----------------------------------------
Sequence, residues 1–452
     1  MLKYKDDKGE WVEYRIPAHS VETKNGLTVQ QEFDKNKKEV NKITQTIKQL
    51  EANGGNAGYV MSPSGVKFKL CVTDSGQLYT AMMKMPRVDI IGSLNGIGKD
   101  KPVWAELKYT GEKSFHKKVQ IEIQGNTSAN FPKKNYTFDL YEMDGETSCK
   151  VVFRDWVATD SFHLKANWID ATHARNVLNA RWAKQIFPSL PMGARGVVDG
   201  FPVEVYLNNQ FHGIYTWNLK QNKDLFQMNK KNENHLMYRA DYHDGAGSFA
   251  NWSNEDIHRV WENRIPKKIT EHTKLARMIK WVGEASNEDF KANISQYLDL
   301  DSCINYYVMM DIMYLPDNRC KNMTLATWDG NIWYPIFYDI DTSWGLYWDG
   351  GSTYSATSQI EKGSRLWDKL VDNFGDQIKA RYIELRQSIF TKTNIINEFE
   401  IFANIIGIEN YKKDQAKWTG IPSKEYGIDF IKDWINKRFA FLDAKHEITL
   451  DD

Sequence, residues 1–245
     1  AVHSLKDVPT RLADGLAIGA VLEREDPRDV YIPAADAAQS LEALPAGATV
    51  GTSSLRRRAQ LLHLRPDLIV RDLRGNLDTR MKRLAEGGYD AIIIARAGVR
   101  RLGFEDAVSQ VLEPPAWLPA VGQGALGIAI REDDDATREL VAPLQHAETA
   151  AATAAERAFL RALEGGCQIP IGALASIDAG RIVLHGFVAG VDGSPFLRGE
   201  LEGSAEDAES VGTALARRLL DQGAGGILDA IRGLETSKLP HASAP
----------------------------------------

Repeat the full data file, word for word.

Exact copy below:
Sequence, residues 1–452
     1  MLKYKDDKGE WVEYRIPAHS VETKNGLTVQ QEFDKNKKEV NKITQTIKQL
    51  EANGGNAGYV MSPSGVKFKL CVTDSGQLYT AMMKMPRVDI IGSLNGIGKD
   101  KPVWAELKYT GEKSFHKKVQ IEIQGNTSAN FPKKNYTFDL YEMDGETSCK
   151  VVFRDWVATD SFHLKANWID ATHARNVLNA RWAKQIFPSL PMGARGVVDG
   201  FPVEVYLNNQ FHGIYTWNLK QNKDLFQMNK KNENHLMYRA DYHDGAGSFA
   251  NWSNEDIHRV WENRIPKKIT EHTKLARMIK WVGEASNEDF KANISQYLDL
   301  DSCINYYVMM DIMYLPDNRC KNMTLATWDG NIWYPIFYDI DTSWGLYWDG
   351  GSTYSATSQI EKGSRLWDKL VDNFGDQIKA RYIELRQSIF TKTNIINEFE
   401  IFANIIGIEN YKKDQAKWTG IPSKEYGIDF IKDWINKRFA FLDAKHEITL
   451  DD

Sequence, residues 1–245
     1  AVHSLKDVPT RLADGLAIGA VLEREDPRDV YIPAADAAQS LEALPAGATV
    51  GTSSLRRRAQ LLHLRPDLIV RDLRGNLDTR MKRLAEGGYD AIIIARAGVR
   101  RLGFEDAVSQ VLEPPAWLPA VGQGALGIAI REDDDATREL VAPLQHAETA
   151  AATAAERAFL RALEGGCQIP IGALASIDAG RIVLHGFVAG VDGSPFLRGE
   201  LEGSAEDAES VGTALARRLL DQGAGGILDA IRGLETSKLP HASAP